Chapter

<i>Détente, Ostpolitik</i> and Anglo-German relations

Terry Macintyre

in Anglo-German Relations During the Labour Governments 1964-70

Published by Manchester University Press

Published in print December 2007 | ISBN: 9780719076008
Published online July 2012 | e-ISBN: 9781781701485 | DOI: http://dx.doi.org/10.7228/manchester/9780719076008.003.0008
Détente, Ostpolitik and Anglo-German relations

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This chapter centres on German Ostpolitik in its three phases and the reaction to it by the British government. Britain was a firm advocate of moves designed to improve East-West relations, and encouraged Germany away from the Hallstein doctrine, towards a position that was based on an improved détente with the Soviet Union and Warsaw Pact countries as the best means of achieving a settlement in Europe. The discussion includes detail of a seemingly little-known British Ostpolitik initiative launched in 1966, which proposed a ‘Declaration on Europe’. Like the British reaction to the Peace Note, the Germans were lukewarm about the Declaration, but it was an indication of the state of relations at the time that neither country was prepared to express outright opposition.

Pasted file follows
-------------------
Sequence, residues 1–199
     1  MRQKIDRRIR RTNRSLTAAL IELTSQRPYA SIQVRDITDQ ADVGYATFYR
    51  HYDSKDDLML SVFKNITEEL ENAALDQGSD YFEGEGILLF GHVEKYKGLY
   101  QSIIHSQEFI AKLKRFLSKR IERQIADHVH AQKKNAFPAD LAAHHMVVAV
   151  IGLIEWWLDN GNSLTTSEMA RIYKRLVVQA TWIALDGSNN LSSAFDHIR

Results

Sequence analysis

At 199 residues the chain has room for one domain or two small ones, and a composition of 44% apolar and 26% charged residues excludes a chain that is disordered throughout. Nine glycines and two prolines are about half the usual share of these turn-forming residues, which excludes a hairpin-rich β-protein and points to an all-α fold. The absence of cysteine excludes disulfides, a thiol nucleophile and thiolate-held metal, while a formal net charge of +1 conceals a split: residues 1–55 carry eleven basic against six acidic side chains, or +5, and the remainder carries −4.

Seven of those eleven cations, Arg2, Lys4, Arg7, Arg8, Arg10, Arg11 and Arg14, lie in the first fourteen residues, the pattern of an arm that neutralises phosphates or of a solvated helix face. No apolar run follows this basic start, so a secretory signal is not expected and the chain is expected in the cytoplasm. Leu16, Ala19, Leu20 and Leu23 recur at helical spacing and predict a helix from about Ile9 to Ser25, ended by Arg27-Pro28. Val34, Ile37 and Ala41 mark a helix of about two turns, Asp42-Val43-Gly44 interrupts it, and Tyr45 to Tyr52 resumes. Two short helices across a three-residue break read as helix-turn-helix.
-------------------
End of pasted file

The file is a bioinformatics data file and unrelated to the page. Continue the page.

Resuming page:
Keywords: détente; Ostpolitik; Anglo-German relations; Britain; Soviet Union; Germany; Warsaw Pact; Declaration on Europe; Peace Note

Chapter.  11626 words. 

Subjects: UK Politics

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